|*** JULY 2008 ***|
|NASA AMES, JPL WIN 2007 NASA SOFTWARE OF YEAR AWARD|
|...Computer programs that are used to define safety margins for fiery spacecraft re-entries and help detect planets outside our solar system are co-winners of NASA's 2007 Software of the Year Award. |
Software engineers at NASA's Ames Research Center at Moffett Field, Calif., developed the Data-Parallel Line Relaxation, or DPLR, which is used to analyze and predict the extreme environments human and robotic spacecraft experience during super high-speed entries into planetary atmospheres.
At NASA's Jet Propulsion Laboratory in Pasadena, Calif., software engineers developed the Adaptive Modified Gerchberg-Saxton Phase Retrieval program. The software uses a telescope's science camera with innovative and robust algorithms to characterize possible errors that limit its imaging performance. The software has been integrated into calibration control loops to correct those errors, and can achieve orders of magnitude improvement in sensitivity and resolution.
The DPLR simulates the intense heating, shear stresses and pressures a spacecraft endures as it travels through atmospheres to land on Earth or other planets. It is capable of creating a highly accurate, simulated entry environment that exceeds the capability of any test facility on Earth, allowing engineers to design and apply thermal protection materials suited to withstand such intense heating environments...
|NASA STUDIES EARTH'S HIGH ARCTIC FOR EVIDENCE OF LIFE ON EARLY MARS|
|...Later this month, NASA's Spaceward Bound program will send a team of scientists and teachers to explore the permanently frozen landscape of Axel Heiberg Island in the Canadian high Arctic... |
...Åxpedition, scientists will challenge their minds in an extreme polar research environment as they map icy structures and study microbes that live in the permafrost. Scientists believe in its early history, Mars may have been home to life in places similar to Earth's icy polar regions.
Spaceward Bound was developed by the Education Division at NASA's Ames Research Center and is a key component of NASA's goal to create engaging participatory educational activities. The expedition is a partnership of NASA, the Canadian Space Agency and McGill University, Montreal, Quebec, Canada. The field activities are conducted with the support of the Canadian Polar Continental Shelf Project.
|CALIFORNIA GOVERNOR VISITS NASA AMES RESEARCH CENTER|
|...Arnold Schwarzenegger visited NASA's Ames Research Center today to see first-hand how the agency is helping firefighters battle the widespread wildfires raging throughout the state. |
During a brief visit this morning, Schwarzenegger reviewed firefighting data used to display visible light and fire imagery. He also saw a demonstration of the hyperwall-2, a high-resolution visualization system displaying images from the wildfires, and held a news briefing.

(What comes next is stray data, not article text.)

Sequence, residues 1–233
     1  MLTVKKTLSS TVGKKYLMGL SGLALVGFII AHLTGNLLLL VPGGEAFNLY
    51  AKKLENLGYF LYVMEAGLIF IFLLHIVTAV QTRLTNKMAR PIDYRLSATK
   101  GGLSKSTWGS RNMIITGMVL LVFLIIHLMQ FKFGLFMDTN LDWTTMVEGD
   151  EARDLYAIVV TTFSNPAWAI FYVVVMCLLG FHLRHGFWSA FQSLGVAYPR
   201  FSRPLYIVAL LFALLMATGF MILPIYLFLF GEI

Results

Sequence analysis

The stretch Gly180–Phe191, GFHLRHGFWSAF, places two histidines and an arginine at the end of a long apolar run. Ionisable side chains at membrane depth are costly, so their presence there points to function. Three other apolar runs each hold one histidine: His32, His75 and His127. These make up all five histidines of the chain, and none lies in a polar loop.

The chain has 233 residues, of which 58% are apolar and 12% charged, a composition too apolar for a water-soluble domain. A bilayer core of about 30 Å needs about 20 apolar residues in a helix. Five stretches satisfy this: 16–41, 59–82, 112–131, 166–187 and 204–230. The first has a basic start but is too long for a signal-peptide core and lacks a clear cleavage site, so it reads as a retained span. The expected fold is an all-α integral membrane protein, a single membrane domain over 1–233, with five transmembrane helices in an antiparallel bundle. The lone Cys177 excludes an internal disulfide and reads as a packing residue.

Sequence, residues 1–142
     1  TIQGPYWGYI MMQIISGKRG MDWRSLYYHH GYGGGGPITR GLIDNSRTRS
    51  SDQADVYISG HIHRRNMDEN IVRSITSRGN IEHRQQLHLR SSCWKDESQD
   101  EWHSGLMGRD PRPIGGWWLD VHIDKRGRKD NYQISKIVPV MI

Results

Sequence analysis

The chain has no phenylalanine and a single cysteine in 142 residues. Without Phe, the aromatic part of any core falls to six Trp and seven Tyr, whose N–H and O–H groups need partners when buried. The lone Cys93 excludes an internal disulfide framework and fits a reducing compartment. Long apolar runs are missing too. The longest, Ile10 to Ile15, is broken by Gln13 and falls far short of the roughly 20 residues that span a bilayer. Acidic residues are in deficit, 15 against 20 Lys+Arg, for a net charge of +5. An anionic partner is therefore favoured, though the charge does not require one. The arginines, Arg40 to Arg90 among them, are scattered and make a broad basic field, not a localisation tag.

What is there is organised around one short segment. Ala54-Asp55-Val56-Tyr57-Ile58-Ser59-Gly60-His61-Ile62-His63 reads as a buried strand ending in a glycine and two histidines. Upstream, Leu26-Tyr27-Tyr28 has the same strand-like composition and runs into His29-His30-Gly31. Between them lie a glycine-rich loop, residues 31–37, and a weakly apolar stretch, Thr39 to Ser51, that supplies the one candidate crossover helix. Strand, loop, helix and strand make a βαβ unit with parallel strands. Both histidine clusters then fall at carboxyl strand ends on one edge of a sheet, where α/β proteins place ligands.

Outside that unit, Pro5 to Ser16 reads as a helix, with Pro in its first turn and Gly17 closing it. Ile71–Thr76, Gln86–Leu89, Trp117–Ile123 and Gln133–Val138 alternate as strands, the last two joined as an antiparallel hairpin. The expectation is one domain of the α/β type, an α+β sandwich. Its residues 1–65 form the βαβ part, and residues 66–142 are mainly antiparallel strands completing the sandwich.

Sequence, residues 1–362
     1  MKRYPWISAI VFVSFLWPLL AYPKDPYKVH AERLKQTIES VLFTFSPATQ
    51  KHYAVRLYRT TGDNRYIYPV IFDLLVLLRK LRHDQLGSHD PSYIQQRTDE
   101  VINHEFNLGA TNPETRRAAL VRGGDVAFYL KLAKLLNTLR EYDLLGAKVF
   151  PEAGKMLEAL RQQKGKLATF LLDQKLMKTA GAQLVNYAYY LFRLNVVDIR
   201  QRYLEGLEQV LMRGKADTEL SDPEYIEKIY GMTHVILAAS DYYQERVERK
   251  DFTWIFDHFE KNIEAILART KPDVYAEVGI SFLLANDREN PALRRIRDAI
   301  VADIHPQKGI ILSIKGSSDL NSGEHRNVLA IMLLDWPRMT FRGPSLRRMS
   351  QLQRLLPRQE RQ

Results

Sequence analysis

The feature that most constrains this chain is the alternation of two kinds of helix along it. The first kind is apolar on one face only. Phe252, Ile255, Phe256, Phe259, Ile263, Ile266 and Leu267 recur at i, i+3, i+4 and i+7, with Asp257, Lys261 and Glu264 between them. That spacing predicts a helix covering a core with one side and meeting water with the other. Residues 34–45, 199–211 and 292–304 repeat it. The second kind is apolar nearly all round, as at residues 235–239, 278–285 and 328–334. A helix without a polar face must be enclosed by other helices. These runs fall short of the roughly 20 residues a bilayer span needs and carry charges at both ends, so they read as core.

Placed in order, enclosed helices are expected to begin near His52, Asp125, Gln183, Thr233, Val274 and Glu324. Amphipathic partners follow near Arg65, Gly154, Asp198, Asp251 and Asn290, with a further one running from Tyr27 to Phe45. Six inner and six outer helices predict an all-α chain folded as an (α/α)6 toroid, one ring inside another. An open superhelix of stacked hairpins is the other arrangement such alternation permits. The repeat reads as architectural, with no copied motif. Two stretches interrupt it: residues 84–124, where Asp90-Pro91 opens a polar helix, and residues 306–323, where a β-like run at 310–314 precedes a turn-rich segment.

"The men and women of NASA are proud to be able to use their expertise to help the state fight these wildfires and it was an honor today to show the governor first-hand how NASA technology can benefit Californians," said S. Pete Worden, director of NASA Ames Research Center...
|NASA AMES TO CELEBRATE 'MOON WEEK' WITH SCIENCE CONFERENCE, EVENT|
|...Opportunities for conducting studies of the moon, on the moon and from the moon will be explored and lunar research findings discussed during a three-day Lunar Science Conference at NASA Ames Research Center... |
The conference is co-sponsored by the NASA Lunar Science Institute, the Lunar and Planetary Institute, Houston, and NASA Ames Research Center. Approximately 400 scientists are expected to attend.
As part of a celebration of the 39th anniversary of the Apollo 11 landing on the moon on July 20, 1969, NASA Ames also is inviting noted scientists and researchers to participate in a public event on Sunday, July 20, 2008. The public event will feature panel discussions about the moon, fun and educational activities for children and families including a robotics demonstration, and films featuring footage from NASA's Apollo missions...
|NASA TO CONDUCT STUDY OF LOS ANGELES INTERNATIONAL AIRPORT|
|...NASA's Ames Research Center has signed a Reimbursable Space Act Agreement with Los Angeles World Airports to conduct a study of the north airfield at Los Angeles International Airport. |
Los Angeles World Airports is funding the comprehensive study to address safety issues concerning the existing and future operation of the airports' northern runways. Ames is supporting the project by working with an academic panel of experts to identify potential design alternatives for the north airfield. NASA will develop real-time airport operation scenarios for each alternative. The academic panel will analyze the results and make design recommendations to the airport commission...
|NASA COATS MAIN MIRROR FOR AIRBORNE OBSERVATORY|
|...The main mirror for NASA's new airborne eye on the universe is now ready for installation after being transformed from a carefully shaped and polished piece of glass into a highly reflective optical component at Ames Research Center. |
After years of development and preparation, it took just 20 seconds to apply the shiny, aluminum coating to the glass mirror for the Stratospheric Observatory for Infrared Astronomy (SOFIA). The telescope is scheduled to begin observations in mid-2009.
"The change was quite sudden and stunning. One moment, we were looking through the transparent glass mirror into its honeycomb-shaped internal structure, and then seconds later, all we saw were reflections," said Patrick Waddell, a systems engineer with the Universities Space Research Association (USRA), which manages the SOFIA science mission for NASA.
"There were quite a few technical challenges that caused us to question whether the coating quality would be this good on the first try. We're ecstatic," said Ed Austin, NASA's SOFIA project manager at Ames...